Admit it, you probably already do. It’s OK, so do I. I have a favourite make of pen. I have a favourite notebook. I have a particularly favourite make of pencil.
There is an academic myth that, upon realising that his favourite Moleskine notebook was no longer being manufactured, a reasonably famous academic was so upset that he was no longer able to think (see Chatwin (n.d.) for a further example). Although this might or might not be true, we do develop emotional attachments to the tools we use – in many ways they become part of us, our thinking, or our processes. At their best, they become embodied, visceral artefacts – the deepest of ontological elements.
This may seem a gratuitous and frivolous recipe but there are some serious underlying ideas. We often underestimate just how much emotional and sensory attachment we make with the objects we use – a fact that designers make use of regularly. Steve Jobs famously said that one of the design goals of the look of Apple’s new operating system (OSX) was that “…when you saw it, you wanted to lick it” (Jobs, 2000).
If you want to get philosophical about it, consider Heidegger “…the less we just stare at the hammer-Thing, and the more we seize hold of it and use it, the more primordial does our relationship to it become” (Heidegger, 1962, p. 98). Or if you prefer the embodied phenomenology of Merleau-Ponty: “The properties of the object and the intentions of the subject… are not only intermingled; they constitute a new whole” (Merleau-Ponty, 1962).
In design, the link between people and object/product is understood as an essential aspect of the value of design, for example Schultz, Kleine and Kernan (1989), Chapman (2005) and Spence and Gallace (2011). It is even argued to be central to genuinely sustainable design (Chapman, 2009). Whichever philosophy you prefer, our world around us is intimately connected to ourselves. Don’t ignore the visceral.
- Pens, pencils, paper, notebooks, notepads, paperclips, sketchbooks, etc
- The sense of touch
- A few quiet moments to yourself
- Have a look through your existing collection of pens. Set them out with your favourites at one end and the least favourite at the other. Can you see any patterns emerging? Do you prefer heavy or light pens? Thick or thin tipped? Most likely, your favourites will be there for other reasons.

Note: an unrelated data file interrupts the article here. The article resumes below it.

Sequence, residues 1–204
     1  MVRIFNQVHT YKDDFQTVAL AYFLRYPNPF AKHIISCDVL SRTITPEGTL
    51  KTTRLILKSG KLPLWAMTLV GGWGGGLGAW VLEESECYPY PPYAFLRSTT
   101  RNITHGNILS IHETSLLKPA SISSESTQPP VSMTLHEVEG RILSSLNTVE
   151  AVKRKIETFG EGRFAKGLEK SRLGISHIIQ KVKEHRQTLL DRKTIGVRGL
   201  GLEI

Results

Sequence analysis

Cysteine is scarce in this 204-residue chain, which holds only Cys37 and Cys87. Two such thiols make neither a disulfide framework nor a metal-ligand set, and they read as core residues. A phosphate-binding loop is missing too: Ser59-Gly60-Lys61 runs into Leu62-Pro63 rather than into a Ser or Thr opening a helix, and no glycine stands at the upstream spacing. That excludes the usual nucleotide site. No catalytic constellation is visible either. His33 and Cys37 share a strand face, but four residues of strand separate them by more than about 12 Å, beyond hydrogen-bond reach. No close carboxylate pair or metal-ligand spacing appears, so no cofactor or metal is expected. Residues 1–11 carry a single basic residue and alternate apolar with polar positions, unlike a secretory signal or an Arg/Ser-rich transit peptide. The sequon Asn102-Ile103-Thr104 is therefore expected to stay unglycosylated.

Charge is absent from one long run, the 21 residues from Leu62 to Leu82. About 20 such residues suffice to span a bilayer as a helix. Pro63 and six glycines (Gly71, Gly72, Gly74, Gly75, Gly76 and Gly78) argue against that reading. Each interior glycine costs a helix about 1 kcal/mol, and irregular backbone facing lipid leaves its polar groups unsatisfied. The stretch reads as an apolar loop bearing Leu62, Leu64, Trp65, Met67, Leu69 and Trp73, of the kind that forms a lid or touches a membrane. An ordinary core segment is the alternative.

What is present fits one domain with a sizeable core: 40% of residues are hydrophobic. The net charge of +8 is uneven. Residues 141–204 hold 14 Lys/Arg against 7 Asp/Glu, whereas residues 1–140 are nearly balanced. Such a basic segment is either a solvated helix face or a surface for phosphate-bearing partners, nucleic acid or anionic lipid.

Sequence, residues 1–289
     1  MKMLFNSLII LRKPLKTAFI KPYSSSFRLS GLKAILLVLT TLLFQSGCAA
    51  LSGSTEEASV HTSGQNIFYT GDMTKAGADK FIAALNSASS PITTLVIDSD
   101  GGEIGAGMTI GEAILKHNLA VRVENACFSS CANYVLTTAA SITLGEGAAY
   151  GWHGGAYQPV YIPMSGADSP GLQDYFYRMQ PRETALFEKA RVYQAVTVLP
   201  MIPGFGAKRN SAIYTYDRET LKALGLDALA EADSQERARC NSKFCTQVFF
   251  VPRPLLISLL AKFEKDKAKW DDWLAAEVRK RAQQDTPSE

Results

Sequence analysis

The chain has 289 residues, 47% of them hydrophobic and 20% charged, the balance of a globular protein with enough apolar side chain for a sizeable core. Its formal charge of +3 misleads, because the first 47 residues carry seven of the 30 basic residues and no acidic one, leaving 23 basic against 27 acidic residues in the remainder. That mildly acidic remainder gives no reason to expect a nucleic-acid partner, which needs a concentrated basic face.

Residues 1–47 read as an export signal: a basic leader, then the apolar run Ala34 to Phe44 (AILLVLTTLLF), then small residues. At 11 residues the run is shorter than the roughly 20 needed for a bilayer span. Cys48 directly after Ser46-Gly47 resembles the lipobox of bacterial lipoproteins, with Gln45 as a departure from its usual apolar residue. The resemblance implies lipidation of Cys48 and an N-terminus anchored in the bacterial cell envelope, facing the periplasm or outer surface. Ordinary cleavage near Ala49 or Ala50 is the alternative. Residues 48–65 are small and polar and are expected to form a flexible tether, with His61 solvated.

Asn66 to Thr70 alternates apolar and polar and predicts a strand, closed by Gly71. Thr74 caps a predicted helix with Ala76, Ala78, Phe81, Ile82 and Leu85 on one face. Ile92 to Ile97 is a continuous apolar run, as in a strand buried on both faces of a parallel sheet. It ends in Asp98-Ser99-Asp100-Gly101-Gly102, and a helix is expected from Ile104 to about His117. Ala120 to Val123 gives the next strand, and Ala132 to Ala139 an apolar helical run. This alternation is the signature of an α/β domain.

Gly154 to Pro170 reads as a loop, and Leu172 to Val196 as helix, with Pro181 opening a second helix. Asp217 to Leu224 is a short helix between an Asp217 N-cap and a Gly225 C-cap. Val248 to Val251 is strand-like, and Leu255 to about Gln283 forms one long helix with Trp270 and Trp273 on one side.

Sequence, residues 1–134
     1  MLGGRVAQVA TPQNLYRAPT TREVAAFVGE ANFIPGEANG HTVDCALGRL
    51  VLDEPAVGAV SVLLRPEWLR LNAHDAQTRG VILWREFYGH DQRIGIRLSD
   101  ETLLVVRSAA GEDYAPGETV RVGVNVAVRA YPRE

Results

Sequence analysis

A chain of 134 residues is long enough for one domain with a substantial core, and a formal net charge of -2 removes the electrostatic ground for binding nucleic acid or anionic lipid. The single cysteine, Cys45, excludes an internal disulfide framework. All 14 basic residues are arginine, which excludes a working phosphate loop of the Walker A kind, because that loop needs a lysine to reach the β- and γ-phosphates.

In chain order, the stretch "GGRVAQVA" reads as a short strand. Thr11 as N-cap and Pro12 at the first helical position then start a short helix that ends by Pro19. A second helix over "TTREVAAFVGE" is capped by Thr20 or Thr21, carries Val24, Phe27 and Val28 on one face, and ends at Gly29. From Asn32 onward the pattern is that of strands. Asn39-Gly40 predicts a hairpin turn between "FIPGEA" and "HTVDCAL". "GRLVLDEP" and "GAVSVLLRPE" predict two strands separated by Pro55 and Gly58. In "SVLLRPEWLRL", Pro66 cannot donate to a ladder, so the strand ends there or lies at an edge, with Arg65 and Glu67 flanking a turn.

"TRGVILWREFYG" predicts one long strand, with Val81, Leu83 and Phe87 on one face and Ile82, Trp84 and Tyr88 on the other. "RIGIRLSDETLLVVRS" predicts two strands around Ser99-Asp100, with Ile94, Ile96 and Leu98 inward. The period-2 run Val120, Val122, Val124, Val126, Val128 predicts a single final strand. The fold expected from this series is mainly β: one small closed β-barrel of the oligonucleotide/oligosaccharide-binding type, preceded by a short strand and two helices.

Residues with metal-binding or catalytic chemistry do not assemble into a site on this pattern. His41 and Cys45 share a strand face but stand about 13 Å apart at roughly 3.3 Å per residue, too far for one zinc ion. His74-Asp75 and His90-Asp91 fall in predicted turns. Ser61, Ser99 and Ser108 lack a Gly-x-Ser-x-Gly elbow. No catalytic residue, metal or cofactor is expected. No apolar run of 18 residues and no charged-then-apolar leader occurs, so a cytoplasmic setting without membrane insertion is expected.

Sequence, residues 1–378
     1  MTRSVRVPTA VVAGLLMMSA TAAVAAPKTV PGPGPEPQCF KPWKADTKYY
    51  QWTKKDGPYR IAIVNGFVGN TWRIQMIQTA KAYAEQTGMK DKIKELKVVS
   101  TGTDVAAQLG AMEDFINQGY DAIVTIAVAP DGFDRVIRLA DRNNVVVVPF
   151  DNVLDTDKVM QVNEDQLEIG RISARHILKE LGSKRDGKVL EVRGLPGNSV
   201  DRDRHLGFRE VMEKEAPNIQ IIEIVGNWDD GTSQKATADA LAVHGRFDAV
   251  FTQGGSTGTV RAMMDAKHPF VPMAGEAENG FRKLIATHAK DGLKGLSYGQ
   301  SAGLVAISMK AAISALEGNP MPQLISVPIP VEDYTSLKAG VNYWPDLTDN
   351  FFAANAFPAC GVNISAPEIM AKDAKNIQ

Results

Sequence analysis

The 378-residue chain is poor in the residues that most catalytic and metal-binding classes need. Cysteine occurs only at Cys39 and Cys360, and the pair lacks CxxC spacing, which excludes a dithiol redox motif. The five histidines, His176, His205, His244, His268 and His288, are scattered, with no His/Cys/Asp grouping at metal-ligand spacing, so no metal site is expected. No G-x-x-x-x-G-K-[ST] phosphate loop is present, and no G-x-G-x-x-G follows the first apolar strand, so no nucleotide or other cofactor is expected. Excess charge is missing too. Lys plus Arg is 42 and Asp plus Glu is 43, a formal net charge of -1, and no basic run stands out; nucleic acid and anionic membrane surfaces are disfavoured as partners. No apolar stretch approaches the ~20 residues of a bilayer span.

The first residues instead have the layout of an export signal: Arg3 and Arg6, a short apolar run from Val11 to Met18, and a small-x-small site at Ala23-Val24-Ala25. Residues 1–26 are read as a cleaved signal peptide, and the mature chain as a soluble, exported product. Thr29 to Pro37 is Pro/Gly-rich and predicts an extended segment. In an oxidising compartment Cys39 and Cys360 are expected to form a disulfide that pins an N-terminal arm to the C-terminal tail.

- Find a pen that you really like writing with – one that feels like an extension of your thoughts (not just of your hand). The chances are that you do more with this pen than you realise – make this your special pen and only use it for particular tasks. Similarly, assign tasks to your other pens. That horrible sales-rep pen? Do your expenses signing with that. Imagine the contempt you feel for the system and the pen flow through your hand/pen as you sign…
- Treat yourself to a wander around a stationery shop. Don’t do this online – it’s important that you see the objects, feel the thickness of the paper, assess the weight of the pen in your hand, and smell the notebook.
- Now work your way around other favourite objects – try to work out which of these are special and why (there will be a reason, and it might be a visceral one).
- Celebrate these objects by using them in particular ways (remember your lucky pen in exams?). Keep these objects for special occasions. Do you have a markup pen? Take your favourite notebook for a walk. Remember that feeling of the first mark in a new notebook?
Make this a treat, not a gluttonous feast. Try to limit your choices to just one or two favourite items, for example, a favourite notebook and pen or pencil.
Don’t ever touch my pens.
This goes really well with Think with your hands – doodling is thinking. Doodling with your favourite pen is luxurious intellectualism.